The HRAP 2/general line was a better joystick to buy because it had a universal mounting plate that made installation of alternate joysticks easy (mainly LS-32, LS-40, LS-56) AND removable Hori stock buttons that popped out like the Sanwa and Seimitsu buttons. The HRAP 2 SA was even better because it shipped with both the Sanwa JLF lever (present on most Hori ‘HRAP-lite’/licensed joysticks) AND Sanwa buttons. All official HRAP’s had universal mounting plates which you can’t say for the majority of HRAP 3’s and the second-production version of the HRAP 1 (HRAP 1b?). If you didn’t like the Sanwa parts on the HRAP 2/SA, fine – at least you didn’t have to mod the case or do a lot of electrical line work prepping and desoldering inferior quality buttons from a PCB!
The ‘unofficial’/licensed HRAP variants on the PS2 are a pain-and-a-half to mod… you’re buying yourself extra work to fit in arcade-spec parts or a non-JLF control lever.
The soldered-into-PCB buttons that the Arcana Heart 2 joystick and others like it (both Tekken 5 HRAP variants, the AH 1 and AH 2 joysticks, the Fate: Unlimited Codes joystick) use are garbage. They’re uncomfortable for many people to use and have to be desoldered to be replaced when the buttons’ microswitches fail – unless you don’t mind breaking plastic parts off and junking the whole PCB assembly.
Stock Hori buttons – prior to the Kuro buttons introduced on the Fighting Edge joystick – tended to be poorer quality than Sanwa and Seimitsu buttons. For me personally, every time I hit those buttons it felt like I was punching a brick. From other reports, there are quality concerns and instances of buttons breaking on people in the middle of gameplay… The stock Hori buttons, prior to the Kuro, are also incompatible with the Sanwa SW-68 and Seimitsu PS-14-D microswitches if I remember correctly so you won’t be able to ‘revive’ the Hori buttons when they do die.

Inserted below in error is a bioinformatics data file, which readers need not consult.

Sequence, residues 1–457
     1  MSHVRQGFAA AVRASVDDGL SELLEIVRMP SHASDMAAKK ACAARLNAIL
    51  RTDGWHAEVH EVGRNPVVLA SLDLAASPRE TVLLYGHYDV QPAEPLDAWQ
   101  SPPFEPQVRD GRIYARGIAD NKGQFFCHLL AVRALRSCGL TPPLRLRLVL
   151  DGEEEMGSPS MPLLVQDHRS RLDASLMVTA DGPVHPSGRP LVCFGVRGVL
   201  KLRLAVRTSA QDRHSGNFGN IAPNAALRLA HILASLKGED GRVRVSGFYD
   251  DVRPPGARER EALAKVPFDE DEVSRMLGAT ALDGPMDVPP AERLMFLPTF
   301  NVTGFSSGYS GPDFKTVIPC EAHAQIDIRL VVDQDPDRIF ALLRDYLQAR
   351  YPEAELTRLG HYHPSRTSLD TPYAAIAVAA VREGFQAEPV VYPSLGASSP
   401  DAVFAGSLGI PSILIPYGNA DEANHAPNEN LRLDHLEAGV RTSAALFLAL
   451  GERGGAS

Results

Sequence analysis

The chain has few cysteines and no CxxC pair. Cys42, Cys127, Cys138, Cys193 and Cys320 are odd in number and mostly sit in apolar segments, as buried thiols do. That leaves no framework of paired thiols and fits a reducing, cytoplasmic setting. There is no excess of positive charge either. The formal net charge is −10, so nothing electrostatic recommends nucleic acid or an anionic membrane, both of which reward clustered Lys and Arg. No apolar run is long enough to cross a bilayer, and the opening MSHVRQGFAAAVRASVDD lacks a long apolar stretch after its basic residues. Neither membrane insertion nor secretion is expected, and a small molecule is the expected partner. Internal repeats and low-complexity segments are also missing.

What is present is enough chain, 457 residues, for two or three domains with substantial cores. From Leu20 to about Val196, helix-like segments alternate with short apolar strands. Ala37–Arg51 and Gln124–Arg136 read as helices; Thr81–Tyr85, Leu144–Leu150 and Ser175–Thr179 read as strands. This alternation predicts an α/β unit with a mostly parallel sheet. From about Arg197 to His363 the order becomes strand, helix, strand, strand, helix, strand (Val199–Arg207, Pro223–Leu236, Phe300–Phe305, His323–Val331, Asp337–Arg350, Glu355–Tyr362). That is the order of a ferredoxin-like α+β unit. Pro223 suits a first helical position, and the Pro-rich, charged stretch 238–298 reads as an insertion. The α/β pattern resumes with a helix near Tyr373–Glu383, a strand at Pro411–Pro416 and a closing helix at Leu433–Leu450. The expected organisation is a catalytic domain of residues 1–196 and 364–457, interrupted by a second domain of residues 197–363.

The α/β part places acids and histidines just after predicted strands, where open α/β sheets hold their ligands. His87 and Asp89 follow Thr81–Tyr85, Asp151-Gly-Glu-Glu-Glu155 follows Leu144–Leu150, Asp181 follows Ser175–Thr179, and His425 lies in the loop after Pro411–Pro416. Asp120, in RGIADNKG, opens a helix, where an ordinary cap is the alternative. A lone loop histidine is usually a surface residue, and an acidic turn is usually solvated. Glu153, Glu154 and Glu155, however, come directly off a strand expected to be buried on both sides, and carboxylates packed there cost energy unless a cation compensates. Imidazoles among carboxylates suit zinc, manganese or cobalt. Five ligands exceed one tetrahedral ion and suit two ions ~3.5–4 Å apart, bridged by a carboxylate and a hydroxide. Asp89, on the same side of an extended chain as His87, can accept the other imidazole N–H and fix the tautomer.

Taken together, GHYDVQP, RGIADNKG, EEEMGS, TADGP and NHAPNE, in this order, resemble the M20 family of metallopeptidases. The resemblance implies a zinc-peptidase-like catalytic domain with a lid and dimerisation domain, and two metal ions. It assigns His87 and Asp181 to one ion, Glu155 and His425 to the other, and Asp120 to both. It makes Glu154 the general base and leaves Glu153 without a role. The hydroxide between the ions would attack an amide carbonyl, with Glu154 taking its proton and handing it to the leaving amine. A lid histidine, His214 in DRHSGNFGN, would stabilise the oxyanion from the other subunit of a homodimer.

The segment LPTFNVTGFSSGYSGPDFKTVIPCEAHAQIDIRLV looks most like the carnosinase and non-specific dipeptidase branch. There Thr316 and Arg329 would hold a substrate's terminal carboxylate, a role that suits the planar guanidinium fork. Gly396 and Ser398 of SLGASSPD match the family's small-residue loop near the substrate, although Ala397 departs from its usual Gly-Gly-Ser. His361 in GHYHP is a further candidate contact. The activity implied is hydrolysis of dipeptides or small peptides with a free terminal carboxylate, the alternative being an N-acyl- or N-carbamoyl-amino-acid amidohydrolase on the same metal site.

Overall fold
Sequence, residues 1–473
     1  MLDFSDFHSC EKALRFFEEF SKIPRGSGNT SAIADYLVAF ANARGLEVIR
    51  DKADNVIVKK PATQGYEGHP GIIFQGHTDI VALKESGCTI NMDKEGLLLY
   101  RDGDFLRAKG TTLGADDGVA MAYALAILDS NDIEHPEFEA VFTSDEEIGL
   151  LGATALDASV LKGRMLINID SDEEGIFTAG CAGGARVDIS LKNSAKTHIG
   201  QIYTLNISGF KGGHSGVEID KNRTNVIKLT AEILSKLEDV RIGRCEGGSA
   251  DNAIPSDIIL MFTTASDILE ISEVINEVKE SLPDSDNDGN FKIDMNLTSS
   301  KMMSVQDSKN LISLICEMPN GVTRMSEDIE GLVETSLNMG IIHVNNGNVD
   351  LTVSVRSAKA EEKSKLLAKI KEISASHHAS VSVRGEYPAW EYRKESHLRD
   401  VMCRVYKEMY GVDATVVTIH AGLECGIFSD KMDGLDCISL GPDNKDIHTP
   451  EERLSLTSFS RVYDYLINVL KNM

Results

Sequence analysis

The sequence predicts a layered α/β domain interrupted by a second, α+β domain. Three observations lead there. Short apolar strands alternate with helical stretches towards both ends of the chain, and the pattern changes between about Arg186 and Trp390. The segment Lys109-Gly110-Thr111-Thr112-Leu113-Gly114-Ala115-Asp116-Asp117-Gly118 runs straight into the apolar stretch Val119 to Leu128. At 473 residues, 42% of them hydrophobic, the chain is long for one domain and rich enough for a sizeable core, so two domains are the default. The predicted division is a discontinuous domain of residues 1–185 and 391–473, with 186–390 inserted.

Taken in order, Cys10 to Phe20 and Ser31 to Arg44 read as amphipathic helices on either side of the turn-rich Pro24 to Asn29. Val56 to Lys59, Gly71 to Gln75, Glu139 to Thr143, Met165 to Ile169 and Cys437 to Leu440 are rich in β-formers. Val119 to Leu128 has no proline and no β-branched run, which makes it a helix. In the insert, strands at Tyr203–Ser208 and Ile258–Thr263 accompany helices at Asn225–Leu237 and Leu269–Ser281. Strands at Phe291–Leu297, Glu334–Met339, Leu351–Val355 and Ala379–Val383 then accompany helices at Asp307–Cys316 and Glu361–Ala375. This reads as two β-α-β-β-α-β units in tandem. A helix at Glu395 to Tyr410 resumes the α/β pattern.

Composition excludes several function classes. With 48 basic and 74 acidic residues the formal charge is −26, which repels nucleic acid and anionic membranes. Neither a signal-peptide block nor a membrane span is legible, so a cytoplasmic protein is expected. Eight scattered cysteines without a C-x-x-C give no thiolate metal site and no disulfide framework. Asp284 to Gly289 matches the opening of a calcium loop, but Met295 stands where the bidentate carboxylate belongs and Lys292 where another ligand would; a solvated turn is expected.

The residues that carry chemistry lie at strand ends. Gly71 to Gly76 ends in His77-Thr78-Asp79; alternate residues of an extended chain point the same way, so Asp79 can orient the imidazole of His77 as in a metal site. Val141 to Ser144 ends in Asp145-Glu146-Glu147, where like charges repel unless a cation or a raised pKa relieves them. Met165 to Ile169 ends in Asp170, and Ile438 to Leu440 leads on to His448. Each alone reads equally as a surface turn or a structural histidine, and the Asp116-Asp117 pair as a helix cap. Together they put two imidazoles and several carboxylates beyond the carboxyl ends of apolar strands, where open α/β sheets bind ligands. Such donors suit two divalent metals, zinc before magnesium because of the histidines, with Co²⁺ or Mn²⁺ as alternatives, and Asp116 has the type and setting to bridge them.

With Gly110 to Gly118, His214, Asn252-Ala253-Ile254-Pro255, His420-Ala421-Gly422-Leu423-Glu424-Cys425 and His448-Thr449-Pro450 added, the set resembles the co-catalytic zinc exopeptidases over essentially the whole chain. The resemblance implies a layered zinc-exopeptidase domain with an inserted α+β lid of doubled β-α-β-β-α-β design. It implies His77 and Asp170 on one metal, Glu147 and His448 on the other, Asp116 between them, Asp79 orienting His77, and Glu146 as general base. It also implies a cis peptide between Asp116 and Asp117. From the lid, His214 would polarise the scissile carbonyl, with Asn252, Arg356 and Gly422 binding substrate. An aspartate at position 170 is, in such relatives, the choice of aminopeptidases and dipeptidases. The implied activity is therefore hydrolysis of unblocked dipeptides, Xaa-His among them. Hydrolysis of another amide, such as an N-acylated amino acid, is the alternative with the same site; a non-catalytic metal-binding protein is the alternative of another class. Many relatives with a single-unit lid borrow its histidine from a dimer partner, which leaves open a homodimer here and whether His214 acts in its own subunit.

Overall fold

You can’t fit Sanwa or Seimitsu buttons into the AH2 without grinding off the button tabs in the 30mm faceplate holes. The tabs are in the button holes to slide the Hori buttons in prior to assembly line workers soldering THOSE buttons into the PCB! You can’t grind those tabs off, period, unless you break off the original 30mm buttons (hard to do without risking the PCB) OR desolder the buttons from the PCB first.
I found the Arcana Heart 2 PCB to be more sensitive than the norm to heat during desoldering operations… I never lost a Tekken 5 PCB desoldering buttons but did lift and ruin tracing from one of the two AH2 PCB’s that I attempted to mod.
A universal mounting plate will NOT help with the issue of shaft clearance above the faceplate surface if you have a short shaft joystick! If you’re Seimitsu joystick fan, the problem with non-universal HRAP’s and licensed HRAP’s isn’t installing them – you CAN find a production mounting plate to fit most of the Seimitsu joysticks into these Hori ‘HRAP lites’… the issue is that you’ll have extremely short shaft clearance and for most people that isn’t a comfortable proposition.
Shaft clearance isn’t an issue with the Sanwa JLF, Hori Hayabusa, and a number of other joysticks that have long shaft stems above their pivot points; the Seimitsu joysticks are known for having shorter handle stem-to-pivot distance which is why at least half of them have SS Mounting Plates that curve upward. Within the right ‘universal mounting brackets’ on in-production joysticks, the SS Plates fit flush against the bottom of the faceplate and make up most of the difference in length between Seimitsu-style joysticks and longer-shaft joysticks like the JLF. Without this, you’re forced to use longer replacement shafts, shaft extensions, OR drill out the existing bracket mount assembly and improvise your own attachment points for a joystick. OR you can play with a Seimitsu joystick that has extremely short shaft clearance above the faceplate…